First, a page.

The patient was hospitalized and underwent left thoracotomy without cardiopulmonary bypass. We did not confirm the Adamkiewicz artery preoperatively or monitor motor-evoked potentials during surgery because we estimated a low risk of paraplegia by controlling backflow through recanalized intercostal arteries. In previous surgeries, large intercostal and lumbar arteries were reconstructed for spinal circulation, including the 6th and 11th intercostal and 1st and 3rd lumbar arteries. The internal pressure of the sac was 10 mm Hg when the systolic blood pressure was 90 mm Hg. Longitudinal incision of the aneurysm revealed abundant fresh and old clots inside the sac. The orifices of the right eighth and left tenth intercostal arteries were patent with backflow of blood and were closed using nonabsorbable sutures (Fig. 2). The orifice of the right seventh intercostal artery was also detected, but there was no blood backflow. This artery was suture ligated to prevent future recanalization. We found that the orifice of the left 7th intercostal artery had already been ligated in a previous surgery, and no other orifices of the intercostal arteries were detected. After suture ligation of the three detectable intercostal arteries, the arterial pressure was increased to 120 mmHg, and complete hemostasis from the intercostal arteries was confirmed. The graft was wrapped with the native aneurysmal wall. The patient’s postoperative course was uneventful, and she was discharged on postoperative day 10. CT performed 1 year later showed no aneurysmal recurrence.
Discussion and conclusions
We experienced this very rare case of recurrent aortic aneurysm at 11 years after graft replacement resulting from recanalization of the intercostal arteries of the remaining aortic wall. This recanalization was similar to a type II endoleak after endovascular treatment. No backflow was observed during the thoracoabdominal replacement surgery; hence, the intercostal arteries were not closed.
It would be interesting to discern what triggered the intercostal artery recanalization 11 years after the aortic replacement. Because the PT-INR was remarkably high 1 month before her back pain appeared, an excess dose of anticoagulants might have dissolved the clots in the intercostal arteries. Some previous reports described similar situations in an abdominal aortic aneurysm [1,2,3]. One described a case of delayed recanalization of the lumbar artery after open repair of an abdominal aortic aneurysm . Another described the recanalization of previously thrombosed type II endoleak after endovascular repair for an abdominal aortic aneurysm . Systemic thrombolysis was suspected to be the cause of the events in both reports. Moreover, a previous study reported that persistent blood flow within the excluded aneurysm sac was found in 2% of patients who underwent abdominal aortic repair with a retroperitoneal aortic bypass, and that patients receiving chronic anticoagulation or those with extensive collaterals appear to be at higher risk for persistent flow within the aneurysm sac .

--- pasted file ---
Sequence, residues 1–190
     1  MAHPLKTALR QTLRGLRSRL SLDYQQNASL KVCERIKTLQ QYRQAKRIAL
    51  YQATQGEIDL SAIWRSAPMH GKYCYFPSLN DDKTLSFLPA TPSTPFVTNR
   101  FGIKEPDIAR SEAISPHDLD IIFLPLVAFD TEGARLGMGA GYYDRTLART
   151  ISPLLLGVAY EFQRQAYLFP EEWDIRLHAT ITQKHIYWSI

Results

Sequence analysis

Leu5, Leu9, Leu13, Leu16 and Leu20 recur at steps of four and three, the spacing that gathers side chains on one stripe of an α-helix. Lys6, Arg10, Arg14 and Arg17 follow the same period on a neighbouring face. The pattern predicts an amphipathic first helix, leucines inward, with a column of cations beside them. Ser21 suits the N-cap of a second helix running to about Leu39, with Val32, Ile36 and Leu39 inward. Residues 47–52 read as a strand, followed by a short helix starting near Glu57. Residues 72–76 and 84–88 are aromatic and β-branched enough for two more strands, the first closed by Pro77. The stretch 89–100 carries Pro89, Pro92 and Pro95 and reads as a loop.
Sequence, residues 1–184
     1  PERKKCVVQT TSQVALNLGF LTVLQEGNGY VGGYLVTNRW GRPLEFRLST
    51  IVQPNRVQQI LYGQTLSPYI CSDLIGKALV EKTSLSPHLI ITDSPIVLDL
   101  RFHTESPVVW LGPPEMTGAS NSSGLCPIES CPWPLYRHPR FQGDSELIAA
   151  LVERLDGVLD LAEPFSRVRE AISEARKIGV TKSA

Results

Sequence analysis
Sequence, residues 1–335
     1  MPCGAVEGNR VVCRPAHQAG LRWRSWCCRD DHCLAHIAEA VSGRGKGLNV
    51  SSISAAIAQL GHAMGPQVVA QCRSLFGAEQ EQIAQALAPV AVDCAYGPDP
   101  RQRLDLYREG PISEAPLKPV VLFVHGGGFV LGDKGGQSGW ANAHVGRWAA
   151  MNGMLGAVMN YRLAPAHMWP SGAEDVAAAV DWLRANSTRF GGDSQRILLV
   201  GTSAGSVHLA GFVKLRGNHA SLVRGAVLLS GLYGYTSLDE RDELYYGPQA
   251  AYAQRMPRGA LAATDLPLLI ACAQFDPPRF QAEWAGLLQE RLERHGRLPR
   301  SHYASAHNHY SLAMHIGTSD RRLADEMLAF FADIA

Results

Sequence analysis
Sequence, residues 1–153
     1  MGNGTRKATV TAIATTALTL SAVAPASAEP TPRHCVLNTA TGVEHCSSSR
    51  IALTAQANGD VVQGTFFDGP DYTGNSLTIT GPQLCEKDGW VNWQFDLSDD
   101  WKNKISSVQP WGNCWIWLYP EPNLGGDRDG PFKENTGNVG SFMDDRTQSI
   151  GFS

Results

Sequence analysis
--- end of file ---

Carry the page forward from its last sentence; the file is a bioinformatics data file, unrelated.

From these perspectives, mechanical valve-associated excessive anticoagulation is considered a reasonable cause of recanalization of the intercostal arteries in our case, even at a remote time after the original aortic surgery. After most of the intercostal and lumbar arteries were sacrificed via staged total aortic replacement, the slow formation of the collateral network might have affected the recanalization of the intercostal arteries. Although infection can influence recanalization, there were no apparent pre- or intraoperative findings suggestive of an active or healed infection. Its direct association with Marfan syndrome is uncertain, but the fragility of the aortic wall may provoke its expansion, even by low-pressure oozing through the intercostal arteries. Then, patients with Marfan syndrome tend to be at the aforementioned risk of undergoing multiple aortic and valve surgeries with possible mechanical valves in their life.
We chose to perform open repair through a left thoracotomy because the patient had symptoms of back pain due to an aneurysm compressing the esophagus. Transcatheter intervention to occlude the responsible intercostal arteries could be a less invasive treatment option in asymptomatic cases in the hope that the aneurysmal hematoma would gradually dissolve . Closing all orifices of the intercostal arteries during open aortic repair could prevent delayed reopening of the intercostal arteries after aortic repair. After encountering this case, we routinely changed the strategy of aortic repair to close every orifice of the intercostal arteries, regardless of blood backflow. Furthermore, wrapping the graft with the native aorta could prevent pseudoaneurysm formation or bleeding into the thoracic cavity. Lifelong periodical observation by CT is essential for the early detection of unexpected and rare complications even after total aortic graft replacement.
In conclusion, here, we described a case in which a descending aortic aneurysm recurred 11 years after a graft replacement due to recanalization of the intercostal arteries of the wrapping native aorta like a type II endoleak in a patient with Marfan syndrome. Our findings suggest that, to prevent this delayed adverse event, the closure of all orifices of the intercostal arteries during aortic repair, regardless of backflow, is necessary. Systemic anticoagulation therapy after aortic replacement may be a risk factor for recanalization. Thus, lifelong periodic CT observation is essential, even after graft replacement of the entire aorta.
Availability of data and materials
All data used in the current study are included in this published article.
Prothrombin time-international normalized ratio
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Tanaka, S., Yamauchi, H., Minegishi, S. et al. Recurrent aneurysm 11 years after thoracoabdominal aortic replacement due to recanalization of intercostal arteries of the wrapping native aorta in Marfan syndrome: a case report. Gen Thorac Cardiovasc Surg Cases 2, 77 (2023). https://doi.org/10.1186/s44215-023-00084-9